‘Of all the paths you take in life, make sure a few of them are dirt.’ (John Muir).
The moment my bicycle tyres hit the dirt surface of the BVRT, I can feel myself beginning to relax. It’s as if I passed through a doorway that leads to a better place.
Every time someone ventures out on the rail trail, they create a new story.
The stories told are often of great personal achievements, of people transcending the routine of their daily lives.Back in 2014, a lone cyclist on a Cannondale leftie was the first person to cycle the entire length of the rail trail in a single day even before it was completed.
Now people ride the entire length of the rail trail nearly every week, whether in one day or over a few days.
Two women recently cycled with their husbands, from Kilkivan to Wulkuraka, combining two rail trails and the bit in between. Then they sent their bikes back home with their husbands and walked all the way back. As you do.
Last year, a novice cyclist ventured a few kilometres out from the Brassall bikeway in Ipswich, then scurried back to the safety of home. But then each week she ventured a bit further and a bit further, until one day she completed the entire rail trail in one day. Just awesome.
The couple who wanted to do cycle touring but had no experience. They tried it out on the rail trail and get completely hooked, later sending us Facebook posts from places exotic and far away.
An Alaska Iditarod MTB racer who routinely trains on the rail trail, recently sent me a message late at night to tell me it’s -2.0°C in the gullies.Oh yeah, it can be cold in winter, but nighttime is a great time to enjoy the rail trail. These days it’s in use 24-hours a day and the cool of the very early morning and late evening are great times to beat the heat of the Queensland summer.
A couple recently cycled the whole trail to celebrate their wedding anniversary. I bet they’ll remember that one for many years to come.
A former Olympic cyclist and professional road racer recently set a record of 11hr 41m 51s for the fastest time to ride the full length of the rail trail in both directions.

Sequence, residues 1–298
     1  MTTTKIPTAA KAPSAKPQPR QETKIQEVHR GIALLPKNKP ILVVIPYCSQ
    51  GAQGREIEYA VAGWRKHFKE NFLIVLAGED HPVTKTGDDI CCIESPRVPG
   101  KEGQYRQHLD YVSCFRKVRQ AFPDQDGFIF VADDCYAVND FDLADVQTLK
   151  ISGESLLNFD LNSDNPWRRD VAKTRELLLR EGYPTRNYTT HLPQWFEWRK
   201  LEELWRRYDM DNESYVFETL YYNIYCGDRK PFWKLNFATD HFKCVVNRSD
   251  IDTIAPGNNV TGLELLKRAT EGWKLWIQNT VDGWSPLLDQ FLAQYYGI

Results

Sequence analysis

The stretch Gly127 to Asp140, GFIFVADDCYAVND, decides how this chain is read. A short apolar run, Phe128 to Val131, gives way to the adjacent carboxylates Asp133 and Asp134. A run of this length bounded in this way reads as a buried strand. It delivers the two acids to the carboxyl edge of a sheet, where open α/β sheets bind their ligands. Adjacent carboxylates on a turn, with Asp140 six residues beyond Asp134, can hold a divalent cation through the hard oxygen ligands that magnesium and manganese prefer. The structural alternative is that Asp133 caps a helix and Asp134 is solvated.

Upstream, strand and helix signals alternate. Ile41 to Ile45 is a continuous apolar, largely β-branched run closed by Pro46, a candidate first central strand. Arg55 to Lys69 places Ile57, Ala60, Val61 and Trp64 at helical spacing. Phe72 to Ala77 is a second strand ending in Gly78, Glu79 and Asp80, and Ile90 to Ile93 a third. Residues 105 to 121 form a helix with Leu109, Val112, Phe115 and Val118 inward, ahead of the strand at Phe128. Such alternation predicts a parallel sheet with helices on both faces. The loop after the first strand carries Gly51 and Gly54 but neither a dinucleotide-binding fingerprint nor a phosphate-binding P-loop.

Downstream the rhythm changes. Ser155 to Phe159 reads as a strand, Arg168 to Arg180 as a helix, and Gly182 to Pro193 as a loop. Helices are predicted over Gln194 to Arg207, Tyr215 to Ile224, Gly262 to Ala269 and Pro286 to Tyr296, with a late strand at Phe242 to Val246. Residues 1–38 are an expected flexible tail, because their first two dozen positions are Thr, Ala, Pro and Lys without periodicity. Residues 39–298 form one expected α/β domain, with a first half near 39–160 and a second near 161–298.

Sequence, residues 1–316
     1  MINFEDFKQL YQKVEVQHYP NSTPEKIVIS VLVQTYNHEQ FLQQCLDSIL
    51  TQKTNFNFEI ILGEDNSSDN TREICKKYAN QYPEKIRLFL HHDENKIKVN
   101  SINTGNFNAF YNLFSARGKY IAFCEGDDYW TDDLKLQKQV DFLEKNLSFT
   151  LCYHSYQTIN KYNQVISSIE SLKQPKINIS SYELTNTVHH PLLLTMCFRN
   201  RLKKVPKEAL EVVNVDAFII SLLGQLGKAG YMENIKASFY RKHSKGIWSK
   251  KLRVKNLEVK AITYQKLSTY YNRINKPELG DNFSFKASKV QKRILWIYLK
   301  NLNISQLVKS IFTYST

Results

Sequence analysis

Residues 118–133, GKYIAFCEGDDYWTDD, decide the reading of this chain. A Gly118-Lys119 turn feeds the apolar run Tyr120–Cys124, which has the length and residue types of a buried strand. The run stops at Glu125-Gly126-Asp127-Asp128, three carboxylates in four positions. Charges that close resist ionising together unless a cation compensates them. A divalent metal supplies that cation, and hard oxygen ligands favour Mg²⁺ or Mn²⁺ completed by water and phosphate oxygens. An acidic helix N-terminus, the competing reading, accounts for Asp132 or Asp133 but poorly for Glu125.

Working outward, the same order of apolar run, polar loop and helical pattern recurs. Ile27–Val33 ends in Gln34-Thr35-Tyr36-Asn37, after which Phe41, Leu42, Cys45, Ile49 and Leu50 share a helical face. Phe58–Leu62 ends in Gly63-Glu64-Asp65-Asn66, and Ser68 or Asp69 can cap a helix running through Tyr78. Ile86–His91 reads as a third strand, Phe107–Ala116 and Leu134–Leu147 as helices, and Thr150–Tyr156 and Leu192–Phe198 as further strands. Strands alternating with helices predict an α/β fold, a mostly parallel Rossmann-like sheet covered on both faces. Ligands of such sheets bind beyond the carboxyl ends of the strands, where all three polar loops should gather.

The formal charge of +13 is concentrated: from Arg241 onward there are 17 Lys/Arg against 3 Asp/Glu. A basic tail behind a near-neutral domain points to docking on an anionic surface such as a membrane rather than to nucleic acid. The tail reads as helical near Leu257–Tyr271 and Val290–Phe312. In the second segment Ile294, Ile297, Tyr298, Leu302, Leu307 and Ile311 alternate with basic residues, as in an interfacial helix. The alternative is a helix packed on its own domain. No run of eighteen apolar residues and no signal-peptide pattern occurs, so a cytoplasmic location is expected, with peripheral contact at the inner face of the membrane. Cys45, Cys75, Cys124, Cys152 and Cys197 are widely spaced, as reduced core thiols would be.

That’s faster than the trains back in the day. They used to take 6 hours from Wulkuraka to Yarraman, depending on how long the crew spent in the Linville Pub.
I think I probably hold the record for the slowest time, but I don’t care. I just love to be out there.
I feel immensely lucky as the BVRT is my local trail. I’ve been cycling up and down it about 2-3 times a week for 8 years now. Last year I clocked up about 5000 km on the rail trail.I never tire of it – each time is a bit different, and I know it so well that I notice the small seasonal changes from one week to the next.
Right now, the rail trail is the best I’ve ever seen it. The surface is in mint condition after the rain and the countryside is so green – it’s almost an Irish green.
The BVRT is great for family and friend’s time. It’s wonderful to see families and groups of friends out enjoying the rail trail.
During 2021, the BVRT was a godsend for many who sought to beat the pandemic blues, but 2022 is a new chapter, an opportunity for renewal.
Whatever your skills and experience, whether a beginner or an experienced cyclist, the BVRT offers something for everyone.
What’s your BVRT adventure going to be in 2022?
Paul Heymans, President.
Brisbane Valley Rail Trail Users Association